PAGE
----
When Mary-Anne McCarthy, Accenture New Zealand's technology lead, is called on to lecture university students, she likes to show a favourite slide.
It says simply: "technology is not everything".
McCarthy, who has spent nearly two decades transforming organisations, says technology is only part of the solution; people are the other piece of the transformation puzzle.
But in an environment of accelerating technological change, in many cases there isn't a corporate culture that can handle the pace.
That means organisations can't capitalise on opportunities, she says.
"To have an agile business, you've got to have an agile workforce and that by definition is the liquid workforce," says McCarthy.
"If you think of liquid in its form, it can change to any shape, you can fit it in any mould, you can move it, it can flex and that's the fundamental thing that we see as the missing part of the transformation."
She says the challenge for organisations is to shift from traditional structures which valued employees who "knew their bit".
Digital demands mean executives are now ranking the ability to learn and quickly change more highly than deep expertise in a specialist area.
Pulling together in the more collaborative working styles needed, also means a shift from organisational silos, she says.
"If you've got an organisation that is traditional and based on siloed business functions you're not going to get any ability to learn quickly and change quickly." Innovation suffers as it tends to be the realm of the "lone wolves", where the best and brightest are dropped into innovation hubs with no real connection back into the rest of the workforce, McCarthy says.
Getting organisations from this point to the goal of a liquid workforce requires a focus on three key areas: skills, projects and organisation.
Human resources suites are now providing the analytic tools for organisations to identify skill gaps, the roles that are increasingly hard to fill and where employees need upskilling.
McCarthy says greater connection with universities will ensure graduates are joining the workforce with the right skills -- something many workplaces are already doing.
Other firms are taking it a step further and using bootcamp-style training to get grads upskilled and work-ready, says McCarthy.
With the rapid computerisation of workplaces, routine jobs will disappear and the focus will go on value-added work. Analytics will provide the information needed to make informed choices about what skills exist in your workforce and where they can be matched with value-added work, she says.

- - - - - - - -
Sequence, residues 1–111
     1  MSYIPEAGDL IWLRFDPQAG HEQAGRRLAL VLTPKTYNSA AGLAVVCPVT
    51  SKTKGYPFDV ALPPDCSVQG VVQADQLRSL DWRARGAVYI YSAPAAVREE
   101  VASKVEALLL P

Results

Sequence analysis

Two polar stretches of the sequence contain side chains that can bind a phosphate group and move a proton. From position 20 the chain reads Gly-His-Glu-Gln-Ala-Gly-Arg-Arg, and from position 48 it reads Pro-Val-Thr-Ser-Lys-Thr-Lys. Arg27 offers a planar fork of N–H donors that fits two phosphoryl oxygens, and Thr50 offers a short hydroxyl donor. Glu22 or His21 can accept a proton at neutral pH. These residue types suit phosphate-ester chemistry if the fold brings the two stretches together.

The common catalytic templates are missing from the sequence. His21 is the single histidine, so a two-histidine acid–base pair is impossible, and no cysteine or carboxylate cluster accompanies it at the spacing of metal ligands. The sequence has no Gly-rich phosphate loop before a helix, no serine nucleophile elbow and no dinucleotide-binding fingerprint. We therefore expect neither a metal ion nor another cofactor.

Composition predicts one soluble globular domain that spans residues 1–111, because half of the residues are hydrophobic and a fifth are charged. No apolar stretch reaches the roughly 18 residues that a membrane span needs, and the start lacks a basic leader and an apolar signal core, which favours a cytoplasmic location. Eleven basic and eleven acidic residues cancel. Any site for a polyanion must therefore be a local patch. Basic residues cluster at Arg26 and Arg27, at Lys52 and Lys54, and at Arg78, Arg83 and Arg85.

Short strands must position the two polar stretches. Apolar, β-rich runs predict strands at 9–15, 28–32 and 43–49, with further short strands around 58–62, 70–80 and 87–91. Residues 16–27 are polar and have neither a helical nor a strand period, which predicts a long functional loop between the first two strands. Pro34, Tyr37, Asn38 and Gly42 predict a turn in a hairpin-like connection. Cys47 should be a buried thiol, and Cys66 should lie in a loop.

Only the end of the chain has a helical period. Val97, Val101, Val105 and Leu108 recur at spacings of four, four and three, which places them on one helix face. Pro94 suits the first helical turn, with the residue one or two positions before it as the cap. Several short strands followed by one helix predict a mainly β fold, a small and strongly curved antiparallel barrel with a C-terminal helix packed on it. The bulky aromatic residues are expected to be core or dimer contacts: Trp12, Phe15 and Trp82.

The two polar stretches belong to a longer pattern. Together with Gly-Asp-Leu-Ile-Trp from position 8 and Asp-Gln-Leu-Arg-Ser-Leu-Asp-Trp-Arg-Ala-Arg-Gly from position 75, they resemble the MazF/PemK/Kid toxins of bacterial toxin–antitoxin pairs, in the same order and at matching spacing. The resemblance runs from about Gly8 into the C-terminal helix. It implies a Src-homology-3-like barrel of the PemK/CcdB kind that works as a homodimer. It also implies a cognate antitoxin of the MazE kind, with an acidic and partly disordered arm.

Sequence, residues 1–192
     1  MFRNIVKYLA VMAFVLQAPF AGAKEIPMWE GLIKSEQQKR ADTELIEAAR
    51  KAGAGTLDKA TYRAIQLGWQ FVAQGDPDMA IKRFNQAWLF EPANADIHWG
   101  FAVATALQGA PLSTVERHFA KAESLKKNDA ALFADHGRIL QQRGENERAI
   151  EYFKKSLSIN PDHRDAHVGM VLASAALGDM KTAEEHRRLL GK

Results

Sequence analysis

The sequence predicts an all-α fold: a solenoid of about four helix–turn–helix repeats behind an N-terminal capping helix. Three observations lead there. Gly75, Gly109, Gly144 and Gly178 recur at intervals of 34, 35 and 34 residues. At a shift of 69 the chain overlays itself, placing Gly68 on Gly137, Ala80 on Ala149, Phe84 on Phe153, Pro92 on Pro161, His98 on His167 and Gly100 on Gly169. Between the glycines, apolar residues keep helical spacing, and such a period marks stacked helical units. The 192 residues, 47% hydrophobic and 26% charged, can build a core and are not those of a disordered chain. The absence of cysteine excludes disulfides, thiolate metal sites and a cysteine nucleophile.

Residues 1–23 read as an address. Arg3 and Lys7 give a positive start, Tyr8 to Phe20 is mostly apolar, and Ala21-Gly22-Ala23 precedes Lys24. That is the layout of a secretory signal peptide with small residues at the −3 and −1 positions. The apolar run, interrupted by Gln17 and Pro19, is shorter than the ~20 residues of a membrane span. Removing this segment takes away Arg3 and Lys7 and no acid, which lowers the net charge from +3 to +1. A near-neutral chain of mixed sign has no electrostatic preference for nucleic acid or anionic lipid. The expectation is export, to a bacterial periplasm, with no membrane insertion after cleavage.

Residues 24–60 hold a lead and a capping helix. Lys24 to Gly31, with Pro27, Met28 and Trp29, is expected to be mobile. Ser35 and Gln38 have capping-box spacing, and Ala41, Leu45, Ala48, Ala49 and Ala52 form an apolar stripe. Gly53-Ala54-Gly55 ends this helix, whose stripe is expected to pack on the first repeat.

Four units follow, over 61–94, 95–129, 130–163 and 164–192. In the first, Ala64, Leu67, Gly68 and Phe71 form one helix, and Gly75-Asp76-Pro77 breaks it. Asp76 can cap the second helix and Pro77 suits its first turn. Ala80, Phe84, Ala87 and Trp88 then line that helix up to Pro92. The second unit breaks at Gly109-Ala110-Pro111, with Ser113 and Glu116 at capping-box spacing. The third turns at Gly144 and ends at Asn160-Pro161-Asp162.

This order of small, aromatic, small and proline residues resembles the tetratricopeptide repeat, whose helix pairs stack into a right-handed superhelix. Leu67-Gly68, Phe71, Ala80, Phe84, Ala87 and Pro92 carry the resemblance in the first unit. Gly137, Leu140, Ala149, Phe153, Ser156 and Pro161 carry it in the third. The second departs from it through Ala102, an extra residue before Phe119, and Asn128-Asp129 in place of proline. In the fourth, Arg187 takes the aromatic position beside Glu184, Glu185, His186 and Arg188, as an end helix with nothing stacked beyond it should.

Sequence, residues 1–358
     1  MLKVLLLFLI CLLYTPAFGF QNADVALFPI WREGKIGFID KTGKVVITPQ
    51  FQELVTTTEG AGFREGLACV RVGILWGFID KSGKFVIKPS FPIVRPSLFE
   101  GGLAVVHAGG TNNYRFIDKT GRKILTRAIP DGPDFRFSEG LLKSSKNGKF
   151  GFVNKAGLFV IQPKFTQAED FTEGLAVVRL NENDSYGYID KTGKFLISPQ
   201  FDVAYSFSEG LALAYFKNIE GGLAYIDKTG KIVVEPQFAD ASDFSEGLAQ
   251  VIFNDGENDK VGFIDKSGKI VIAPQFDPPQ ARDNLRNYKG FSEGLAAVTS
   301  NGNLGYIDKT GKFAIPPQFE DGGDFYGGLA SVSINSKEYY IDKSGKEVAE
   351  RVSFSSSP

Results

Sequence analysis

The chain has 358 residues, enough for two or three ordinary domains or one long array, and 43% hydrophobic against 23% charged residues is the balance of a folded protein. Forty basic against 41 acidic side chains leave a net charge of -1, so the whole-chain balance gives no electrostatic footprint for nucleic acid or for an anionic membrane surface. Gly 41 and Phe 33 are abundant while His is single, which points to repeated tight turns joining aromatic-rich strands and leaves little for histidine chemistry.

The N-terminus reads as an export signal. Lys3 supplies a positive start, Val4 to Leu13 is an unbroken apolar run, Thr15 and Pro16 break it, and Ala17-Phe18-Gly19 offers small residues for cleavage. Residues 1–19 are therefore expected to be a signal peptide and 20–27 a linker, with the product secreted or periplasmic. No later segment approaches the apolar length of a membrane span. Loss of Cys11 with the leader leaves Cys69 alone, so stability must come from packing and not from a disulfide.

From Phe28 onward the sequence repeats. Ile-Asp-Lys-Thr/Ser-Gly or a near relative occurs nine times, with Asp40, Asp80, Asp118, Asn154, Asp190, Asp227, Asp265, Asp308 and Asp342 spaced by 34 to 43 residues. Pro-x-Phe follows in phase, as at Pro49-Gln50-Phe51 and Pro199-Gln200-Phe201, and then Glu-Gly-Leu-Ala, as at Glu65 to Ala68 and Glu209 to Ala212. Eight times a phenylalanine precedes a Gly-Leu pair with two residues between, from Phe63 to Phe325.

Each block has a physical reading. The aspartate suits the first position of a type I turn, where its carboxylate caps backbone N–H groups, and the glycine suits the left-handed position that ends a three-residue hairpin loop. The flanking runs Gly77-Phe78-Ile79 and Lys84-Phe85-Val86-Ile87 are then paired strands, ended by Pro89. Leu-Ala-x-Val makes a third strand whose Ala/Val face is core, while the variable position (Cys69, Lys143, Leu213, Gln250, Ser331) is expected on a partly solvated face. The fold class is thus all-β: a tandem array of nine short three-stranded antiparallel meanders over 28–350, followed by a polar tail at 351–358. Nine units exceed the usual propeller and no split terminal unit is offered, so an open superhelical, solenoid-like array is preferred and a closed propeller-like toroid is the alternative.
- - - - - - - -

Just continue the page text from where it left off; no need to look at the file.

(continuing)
The second pillar to the liquid workforce is project-based teams with a start-up mentality that can break through workplace silos.
New Zealand organisations have an advantage in already being reasonably small and nimble, says McCarthy, but even the big global players are working along these lines.
GE, for example, created a programme called FastWorks, which has introduced technology start-up tools to its product development.
Through small teams rapidly prototyping on minimal budgets, a new high-end fridge design was developed in a fraction of the normal product development cycle and far outsold its predecessors.
"I really like that idea.
"I'm in consulting because I like to go from project to project.
"I like to work with really smart people who have really great ideas because it's contagious.
"If you're sitting in your office job you really lose that, I guess, inspiration that you get, particularly from the young crowd."
As of last year, millennials have the lion's share of the workforce, says McCarthy, and businesses should be tapping in to these digital natives.
She says it's a generation who are excited about the opportunities of the liquid workforce, such as internal crowdsourcing for projects, or skill-based teams to work through problems.
At the organisational layer, the hierarchy will be chipped away, in favour of structures that support the liquid workforce.
To have an agile business, you need an agile workforce.
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McCarthy says research points towards an increase in freelancers coming in to provide deep technical expertise or a fresh set of eyes and innovation within the organisation.
Accenture predicts organisational charts will become obsolete, "gobbled up by software".
"We need to address that workforce disruption now," says McCarthy.
"Organisations very quickly need to get a strategy on how they are going to create a liquid workforce to be able to keep up with the digital pace and, essentially, harness the digital natives."
McCarthy draws a comparison between two groups waiting for a plane at the airport.
The plane is late to board but one group is being told nothing, so are getting increasingly anxious and argumentative. The second group has been told there will be a short five-minute delay until boarding, so they are more relaxed.
"It's not a hard thing to make sure as you're working with your organisation and your people.
"Communication is key.
"Taking them on the journey of what's the future and what that means to them.
"I think if you energise them in the art of the possible and how they're going to be upskilled as a result and be able to focus on the stuff that they're passionate about, then what that means is you actually have a strategic competitive advantage because people will want to work for you."
• 43 per cent of the US workforce will be freelancers in 2020In 2015, millennials became the largest generation in the workforce.
• By 2025, that proportion will be 76 per cent globally.
• 38 per cent of businesses globally are struggling to find the right talent53 per cent of business leaders are finding it hard to attract and retain millennial talent.
- Sources: Intuit, Pew Research Centre, RedBrick Research, ManPower Group1